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BMJ: Research data of 440K people show that HPV vaccine is equally safe for Asians
BMJ: Research data of 440K people show that HPV vaccine is equally safe for Asians. Source | Metz Medicine Cervical cancer is one of the most common cancers in women worldwide. In 2012 alone, there were 630,000 new cases of human papillomavirus (HPV)-related cancer, of which 530,000 (84%) were diagnosed as cervical cancer.
Cervical cancer is one of the most common cancers in women worldwide. In 2012 alone, there were 630,000 new cases of human papillomavirus (HPV)-related cancer, of which 530,000 (84%) were diagnosed as cervical cancer. Approximately 266,000 women with cervical cancer died from cancer, accounting for 8% of all cancer-related deaths among women worldwide. According to the latest data from the International Agency for Research on Cancer (IARC) of the World Health Organization, in 2020, it is estimated that more than 600,000 women worldwide will be newly diagnosed with cervical cancer, and more than 340,000 women will be killed by cervical cancer.
The current World Health Organization (WHO) recommendation for HPV immunization is to give priority to girls 9-14 years old who have not had sex. As of 2019, 124 countries have included HPV vaccination policies into their national immunization plans. Since June 2016, the Korean Agency for Disease Control and Prevention has also launched a two-dose plan for bivalent or quadrivalent HPV vaccine for adolescent girls aged 12-13. In the first year of implementation of the plan, the coverage rate of the first dose of HPV vaccine for school-age women was 61.5%, and by 2018, the coverage rate had increased to 87.2%.
Although the HPV vaccine is widely used worldwide, there have been concerns about the safety of HPV vaccination, and it has been confirmed that concerns about serious adverse events related to the vaccine have weakened public confidence in immunization.
In October 2020, Lei Jiayao and others from Karolinska Institutet in Sweden published a research paper titled “HPV Vaccination and the Risk of Invasive Cervical Cancer” in the New England Journal of Medicine (NEJM).
This study showed that among girls and adult women aged 10-30 in Sweden, the incidence of invasive cervical cancer in women who received the quadrivalent HPV vaccine dropped by 63%, while the incidence of women who received the vaccine before the age of 17. It is as high as 88%.
On January 29, 2021, the research team of Sungkyunkwan University in South Korea published a titled “Association between human papillomavirus vaccination and serious adverse events in South Korean adolescent girls: nationwide cohort study” in the British Medical Journal (BMJ). research paper.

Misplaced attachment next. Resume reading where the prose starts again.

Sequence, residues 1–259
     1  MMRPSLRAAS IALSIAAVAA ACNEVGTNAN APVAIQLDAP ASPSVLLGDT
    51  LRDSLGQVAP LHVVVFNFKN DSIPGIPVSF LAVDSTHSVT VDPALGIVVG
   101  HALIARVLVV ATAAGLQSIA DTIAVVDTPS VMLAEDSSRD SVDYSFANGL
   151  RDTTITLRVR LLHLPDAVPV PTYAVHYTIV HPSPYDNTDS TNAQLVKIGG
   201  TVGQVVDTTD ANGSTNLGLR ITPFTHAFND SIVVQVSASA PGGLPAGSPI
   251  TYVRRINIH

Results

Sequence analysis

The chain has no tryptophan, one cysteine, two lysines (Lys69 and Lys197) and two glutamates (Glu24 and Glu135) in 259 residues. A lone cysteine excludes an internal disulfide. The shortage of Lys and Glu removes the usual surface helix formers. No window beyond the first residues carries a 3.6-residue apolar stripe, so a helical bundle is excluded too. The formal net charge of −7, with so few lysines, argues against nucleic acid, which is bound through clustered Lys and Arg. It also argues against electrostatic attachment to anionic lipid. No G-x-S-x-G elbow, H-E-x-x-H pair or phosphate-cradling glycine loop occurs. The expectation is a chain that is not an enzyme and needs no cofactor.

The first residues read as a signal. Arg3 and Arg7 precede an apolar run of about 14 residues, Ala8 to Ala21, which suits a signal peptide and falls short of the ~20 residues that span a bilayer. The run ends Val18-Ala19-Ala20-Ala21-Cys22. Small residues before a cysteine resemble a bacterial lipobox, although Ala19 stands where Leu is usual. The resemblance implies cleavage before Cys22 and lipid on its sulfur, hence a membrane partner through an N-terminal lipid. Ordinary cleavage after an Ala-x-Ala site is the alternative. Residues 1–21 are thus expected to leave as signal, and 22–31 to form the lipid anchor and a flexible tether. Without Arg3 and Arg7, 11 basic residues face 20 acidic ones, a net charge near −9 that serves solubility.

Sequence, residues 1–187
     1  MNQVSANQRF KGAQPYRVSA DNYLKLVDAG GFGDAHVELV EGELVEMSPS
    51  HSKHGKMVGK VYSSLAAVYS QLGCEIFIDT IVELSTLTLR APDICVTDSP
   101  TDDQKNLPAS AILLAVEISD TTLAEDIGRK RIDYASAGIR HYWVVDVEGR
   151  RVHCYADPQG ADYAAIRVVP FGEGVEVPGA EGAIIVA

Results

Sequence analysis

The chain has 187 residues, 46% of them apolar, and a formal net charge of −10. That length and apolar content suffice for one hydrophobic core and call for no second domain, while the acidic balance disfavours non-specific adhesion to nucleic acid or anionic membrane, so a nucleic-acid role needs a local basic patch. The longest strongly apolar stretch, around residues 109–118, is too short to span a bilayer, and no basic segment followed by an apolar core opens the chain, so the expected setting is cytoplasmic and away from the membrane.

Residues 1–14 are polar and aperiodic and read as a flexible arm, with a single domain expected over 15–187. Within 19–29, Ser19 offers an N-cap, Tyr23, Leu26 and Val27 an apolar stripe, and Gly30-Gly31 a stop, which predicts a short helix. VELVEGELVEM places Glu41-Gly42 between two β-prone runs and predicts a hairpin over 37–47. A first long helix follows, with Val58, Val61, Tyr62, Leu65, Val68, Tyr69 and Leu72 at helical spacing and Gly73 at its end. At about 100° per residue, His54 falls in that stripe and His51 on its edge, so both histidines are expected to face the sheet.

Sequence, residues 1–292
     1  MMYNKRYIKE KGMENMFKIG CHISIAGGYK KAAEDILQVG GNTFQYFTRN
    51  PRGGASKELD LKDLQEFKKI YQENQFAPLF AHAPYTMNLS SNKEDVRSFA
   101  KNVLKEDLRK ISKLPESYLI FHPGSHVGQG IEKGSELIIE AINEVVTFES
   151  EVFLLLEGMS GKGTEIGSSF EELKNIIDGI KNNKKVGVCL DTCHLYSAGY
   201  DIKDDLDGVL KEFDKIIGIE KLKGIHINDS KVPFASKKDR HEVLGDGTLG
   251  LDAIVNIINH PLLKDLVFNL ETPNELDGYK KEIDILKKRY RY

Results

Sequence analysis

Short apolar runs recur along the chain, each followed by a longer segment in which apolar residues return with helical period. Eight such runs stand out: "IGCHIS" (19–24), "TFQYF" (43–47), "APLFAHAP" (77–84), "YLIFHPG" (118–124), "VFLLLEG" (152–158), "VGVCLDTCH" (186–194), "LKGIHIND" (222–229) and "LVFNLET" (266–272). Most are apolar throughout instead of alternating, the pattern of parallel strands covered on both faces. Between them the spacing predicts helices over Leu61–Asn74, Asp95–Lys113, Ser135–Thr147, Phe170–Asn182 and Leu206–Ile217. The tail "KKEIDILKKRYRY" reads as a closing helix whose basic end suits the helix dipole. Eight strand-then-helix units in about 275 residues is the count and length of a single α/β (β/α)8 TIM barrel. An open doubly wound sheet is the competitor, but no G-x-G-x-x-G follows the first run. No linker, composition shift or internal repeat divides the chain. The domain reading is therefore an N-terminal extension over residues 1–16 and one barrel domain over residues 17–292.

This national cohort study from South Korea evaluated the association between HPV vaccination and adverse events among 440,000 Korean adolescent girls, adding important evidence for the safety of HPV vaccines used in Asian populations.
From January 2017 to December 2019, researchers collected large-scale linked data through the Korean Immunization Registration Information System and the National Health Information Database. The study covered 441,399 girls aged 11-14 who were vaccinated in 2017. Among them, 382020 people have received HPV vaccine and 59,379 people have not received HPV vaccine.
The main outcome of the study was 33 serious adverse events, including endocrine (such as thyroid abnormalities, diabetes, etc.), gastrointestinal tract (Crohn’s disease, ulcerative colitis, pancreatitis, peptic ulcer, etc.), cardiovascular (Reynolds Syndrome, venous thromboembolism, vasculitis, hypertension, etc.), musculoskeletal, blood disease, skin disease and neurological disease.
The results showed that during the follow-up period, none of the 33 pre-defined serious adverse events related to HPV vaccination were found. However, compared with the non-vaccinated group, the HPV vaccination group increased the risk of migraine by 11% (the incidence of the two groups was 1235.0 cases/100,000-year vs 920.9 cases/100,000-year).
Further secondary analysis using self-controlled risk intervals confirmed that there was no direct association between HPV vaccination and serious adverse events (including migraine) (adjusted HR=0.67, 95% confidence interval 0.58～0.78). At the same time, the results of different follow-up times (90 days, 180 days and 2 years) and different HPV vaccine subtypes are consistent and stable.
The researchers pointed out that hormone changes and menstruation are common risk factors for migraine, and considering the average age difference between the HPV vaccine group (12.42 years) and other vaccine groups (11.84 years), and the average age of menarche (12.7 years) in Korean girls Girls who are vaccinated against HPV are more likely to have menstrual-related migraines. The sensitivity analysis of the study also supports that the effect of age on migraine increases over time.
In summary, consistent with the results of previous studies in Europe and America, this study further confirms the safety of HPV in Asian populations.
(source:internet, reference only)